Sports Hockey

MEMORIAL CUP

Otters’ Cirelli has knack for coming through in clutch

By Terry Koshan, Toronto Sun

Erie Otters centre Anthony Cirelli (left) congratulates Dylan Strome on his goal against the Saint John Sea Dogs in Windsor, Ont. on Monday, May 22, 2017. (THE CANADIAN PRESS/Adrian Wyld)

Erie Otters centre Anthony Cirelli (left) congratulates Dylan Strome on his goal against the Saint John Sea Dogs in Windsor, Ont. on Monday, May 22, 2017. (THE CANADIAN PRESS/Adrian Wyld)

WINDSOR — You can imagine what might to come to mind for Anthony Cirelli if the final of the 2017 Memorial Cup requires overtime.

If there has been a bigger clutch player in junior hockey in the past couple of years, we would be hard-pressed to find him.

Cirelli scored in overtime of the 2015 Cup in Quebec City, giving the Oshawa Generals the title; two weeks ago, his goal in overtime of Game 5 of the Ontario Hockey League final won the championship for the Erie Otters.

“Hopefully, we can end it in regulation,” Cirelli said with a smile, looking ahead to the Cup final on Sunday between the Otters and the host Windsor Spitfires. “I hope it doesn’t get that far. In overtime, anything can happen.”

Still, Cirelli entertained the idea of being the hockey hero again. He doesn’t constantly think of scoring that goal for the Generals two years ago, but it’s not far from his thinking either.

“The emotions that I had, it was a special moment I will remember for the rest of my life,” said Cirelli, a Tampa Bay Lightning prospect. “Maybe having the chance to duplicate that is a little bit surreal. I’m thankful for another opportunity. It’s not easy to get to the final.”

How can Cirelli’s experience help the Otters on Sunday night at the WFCU Centre? The Otters traded to get him from Oshawa in January because, in part, he had been on a Cup run previously.

“He could do it twice,” Otters coach Kris Knoblauch said. “When you have a player who had a game like he did, I would suspect there is going to be a lot of confidence.

“When we were coming to the Memorial Cup, players had so many questions of what to expect, what do we need, what do we do, and he was able to give that information and calm everybody.”

Cirelli’s parents had his sweater from the Cup final in 2015 framed; his stick was sent to the Hockey Hall of Fame. His Cup ring sits in a safe deposit box.

“It’s one game,” Cirelli said. “That’s what you work all summer for, work all year, the bag skates, the hard workouts — leading up to play in the Memorial Cup, to play in the final, go out there and give it our all. You’re playing for hardest trophy in sports.”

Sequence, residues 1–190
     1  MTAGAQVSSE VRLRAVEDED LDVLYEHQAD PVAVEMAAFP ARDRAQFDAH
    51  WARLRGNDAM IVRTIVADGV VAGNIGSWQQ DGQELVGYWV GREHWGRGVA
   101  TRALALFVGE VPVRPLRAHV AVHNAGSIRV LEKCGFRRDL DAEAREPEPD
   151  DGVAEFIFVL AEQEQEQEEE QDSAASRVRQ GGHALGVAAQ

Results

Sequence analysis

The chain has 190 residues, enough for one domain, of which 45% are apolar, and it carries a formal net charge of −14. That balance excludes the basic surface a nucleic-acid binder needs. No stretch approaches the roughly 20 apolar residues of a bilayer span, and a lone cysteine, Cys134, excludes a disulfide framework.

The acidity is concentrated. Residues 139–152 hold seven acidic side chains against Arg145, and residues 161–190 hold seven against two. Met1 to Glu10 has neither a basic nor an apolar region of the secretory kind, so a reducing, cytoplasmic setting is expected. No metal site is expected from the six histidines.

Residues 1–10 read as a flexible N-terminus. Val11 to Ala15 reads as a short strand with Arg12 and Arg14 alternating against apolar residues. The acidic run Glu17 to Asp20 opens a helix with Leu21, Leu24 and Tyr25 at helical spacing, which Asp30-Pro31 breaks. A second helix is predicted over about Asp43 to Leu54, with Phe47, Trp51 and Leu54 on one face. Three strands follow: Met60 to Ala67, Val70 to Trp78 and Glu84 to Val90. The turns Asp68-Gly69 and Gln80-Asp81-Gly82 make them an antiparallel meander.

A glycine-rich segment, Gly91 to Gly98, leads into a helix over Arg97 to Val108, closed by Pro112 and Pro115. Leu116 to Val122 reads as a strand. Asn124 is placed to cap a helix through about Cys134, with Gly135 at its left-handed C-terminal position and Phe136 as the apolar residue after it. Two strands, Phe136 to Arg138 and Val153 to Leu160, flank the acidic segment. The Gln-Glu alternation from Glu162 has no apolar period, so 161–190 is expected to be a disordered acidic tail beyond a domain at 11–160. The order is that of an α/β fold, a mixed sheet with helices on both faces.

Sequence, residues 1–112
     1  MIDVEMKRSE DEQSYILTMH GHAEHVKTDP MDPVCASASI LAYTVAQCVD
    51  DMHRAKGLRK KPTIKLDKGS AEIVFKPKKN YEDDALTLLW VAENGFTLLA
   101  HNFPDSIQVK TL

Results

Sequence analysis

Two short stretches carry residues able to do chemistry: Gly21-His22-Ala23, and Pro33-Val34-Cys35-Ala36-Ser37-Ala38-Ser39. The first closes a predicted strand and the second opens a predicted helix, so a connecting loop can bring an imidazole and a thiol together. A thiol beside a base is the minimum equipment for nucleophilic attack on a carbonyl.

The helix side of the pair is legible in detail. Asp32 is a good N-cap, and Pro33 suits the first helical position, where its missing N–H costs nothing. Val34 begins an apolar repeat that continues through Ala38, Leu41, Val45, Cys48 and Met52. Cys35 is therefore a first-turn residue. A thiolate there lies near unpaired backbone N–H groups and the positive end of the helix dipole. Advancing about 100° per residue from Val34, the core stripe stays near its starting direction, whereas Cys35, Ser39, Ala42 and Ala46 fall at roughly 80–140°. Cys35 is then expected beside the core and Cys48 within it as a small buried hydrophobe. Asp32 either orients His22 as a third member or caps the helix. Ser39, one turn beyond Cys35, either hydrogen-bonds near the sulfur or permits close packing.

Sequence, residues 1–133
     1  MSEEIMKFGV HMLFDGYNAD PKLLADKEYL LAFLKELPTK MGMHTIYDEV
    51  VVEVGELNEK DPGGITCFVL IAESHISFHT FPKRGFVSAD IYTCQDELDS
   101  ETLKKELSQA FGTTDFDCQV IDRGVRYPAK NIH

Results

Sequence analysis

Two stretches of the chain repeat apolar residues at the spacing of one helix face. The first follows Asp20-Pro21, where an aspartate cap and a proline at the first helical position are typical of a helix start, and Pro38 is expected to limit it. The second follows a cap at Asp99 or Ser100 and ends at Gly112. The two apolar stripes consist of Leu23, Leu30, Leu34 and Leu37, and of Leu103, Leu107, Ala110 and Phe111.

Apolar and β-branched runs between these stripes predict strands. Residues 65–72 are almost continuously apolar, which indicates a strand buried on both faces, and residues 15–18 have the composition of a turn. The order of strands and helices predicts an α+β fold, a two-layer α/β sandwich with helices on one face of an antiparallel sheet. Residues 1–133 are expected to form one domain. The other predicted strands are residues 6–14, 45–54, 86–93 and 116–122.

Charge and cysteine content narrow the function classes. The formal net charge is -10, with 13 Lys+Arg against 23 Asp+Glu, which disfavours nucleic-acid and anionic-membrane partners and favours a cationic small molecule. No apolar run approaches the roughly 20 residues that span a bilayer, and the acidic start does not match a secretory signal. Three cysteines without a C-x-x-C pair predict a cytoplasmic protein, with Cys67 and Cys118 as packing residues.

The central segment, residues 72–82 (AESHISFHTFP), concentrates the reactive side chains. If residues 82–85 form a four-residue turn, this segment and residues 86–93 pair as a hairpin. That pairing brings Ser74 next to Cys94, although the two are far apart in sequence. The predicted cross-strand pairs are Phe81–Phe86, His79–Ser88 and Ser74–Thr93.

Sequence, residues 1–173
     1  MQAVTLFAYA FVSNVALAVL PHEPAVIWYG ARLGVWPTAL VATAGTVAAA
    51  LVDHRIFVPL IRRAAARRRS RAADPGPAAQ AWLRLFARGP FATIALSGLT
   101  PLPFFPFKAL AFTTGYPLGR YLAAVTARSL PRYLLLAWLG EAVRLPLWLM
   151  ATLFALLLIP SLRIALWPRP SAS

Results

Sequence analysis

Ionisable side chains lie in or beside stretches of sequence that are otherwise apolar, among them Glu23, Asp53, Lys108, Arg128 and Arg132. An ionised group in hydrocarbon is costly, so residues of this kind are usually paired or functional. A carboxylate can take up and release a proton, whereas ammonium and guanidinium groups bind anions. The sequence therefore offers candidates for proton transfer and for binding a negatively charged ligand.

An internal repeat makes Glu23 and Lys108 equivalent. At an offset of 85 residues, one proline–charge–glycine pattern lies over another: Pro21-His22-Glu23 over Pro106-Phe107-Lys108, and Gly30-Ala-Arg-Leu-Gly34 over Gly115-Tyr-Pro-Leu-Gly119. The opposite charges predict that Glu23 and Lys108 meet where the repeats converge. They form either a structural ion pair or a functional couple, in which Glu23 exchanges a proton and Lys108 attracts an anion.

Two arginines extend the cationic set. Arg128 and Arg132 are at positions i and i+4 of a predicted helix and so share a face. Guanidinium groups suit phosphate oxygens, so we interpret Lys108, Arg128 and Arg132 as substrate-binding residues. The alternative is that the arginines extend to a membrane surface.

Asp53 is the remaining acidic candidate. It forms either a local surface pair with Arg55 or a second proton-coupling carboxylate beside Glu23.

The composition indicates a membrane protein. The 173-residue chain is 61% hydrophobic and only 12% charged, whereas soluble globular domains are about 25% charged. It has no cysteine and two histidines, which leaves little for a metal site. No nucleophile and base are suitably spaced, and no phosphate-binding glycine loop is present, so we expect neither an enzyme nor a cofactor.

POINT SHOTS

Funny line from Spits star Jeremy Bracco on teammate Gabriel Vilardi, who has put himself into serious consideration to be a top-five pick in the NHL draft next month. “He is very quiet,” Bracco said. “Him and I are opposite.” Bracco, the only Toronto Maple Leafs prospect in the Cup, doesn’t lack confidence. “I wanted to come in and prove that I was one of the better players in this tournament and things have gone well so far,” said Bracco, who has two goals and three assists in three games … We asked Ryan McGill, named the Canadian Hockey League coach of the year, to handicap the final. As the man who runs the bench with the Owen Sound Attack, McGill probably knows more about the Otters and the Spitfires than he would care to admit. “You have one of the best power plays (Erie) in the league versus the best penalty kill (Windsor),” McGill said. “That starts with their goaltending and their big defence on the back end. If it’s an even game as far as one or two penalties, I think it will be the team that gets a break in the third period. I don’t think there is going to be a lot of room. Whoever can get that break in the third period is going to win. The special teams are going to be huge, because I don’t think there will be many power plays.” … During the regular season, the Spits set an OHL record with an 88.5% success rate on the penalty kill, while the Otters were second overall on the power play, clicking at a 27.2% rate. At the Cup, the Otters have scored nine goals on 20 power-play chances, while the Spits have killed off 12 of 14 penalties.

FROM THE HASH MARKS

The reality for the Spitfires and Otters is the knowledge that the final marks the last game they’ll play together. “It’s exciting but it’s also kind of hard to describe what the feeling is,” Alex DeBrincat said. “There is nothing to save (the effort) for. Summer is two days away.” … Several of the Otters, including captain Dylan Strome, were under the weather on Saturday. Knoblauch said that one of the players vomited on the bench during the semifinal on Friday night, but Knoblauch stressed he did not doubt that he would have his full lineup on Sunday … A tip of the hat to Attack goalie Michael McNiven, who endured the loss of his birth mother in November to star for Owen Sound and win the CHL goaltender of the year award. A Montreal Canadiens prospect, McNiven was named the top goalie 10 years after Carey Price had the same honour. “The objective is to be a goaltender like him,” McNiven said. “To see his name on the trophy, I did not realize it was 10 years, but it feels pretty cool. To have this award is amazing after the tough year I had. A great group of guys in Owen Sound helped me get through it.”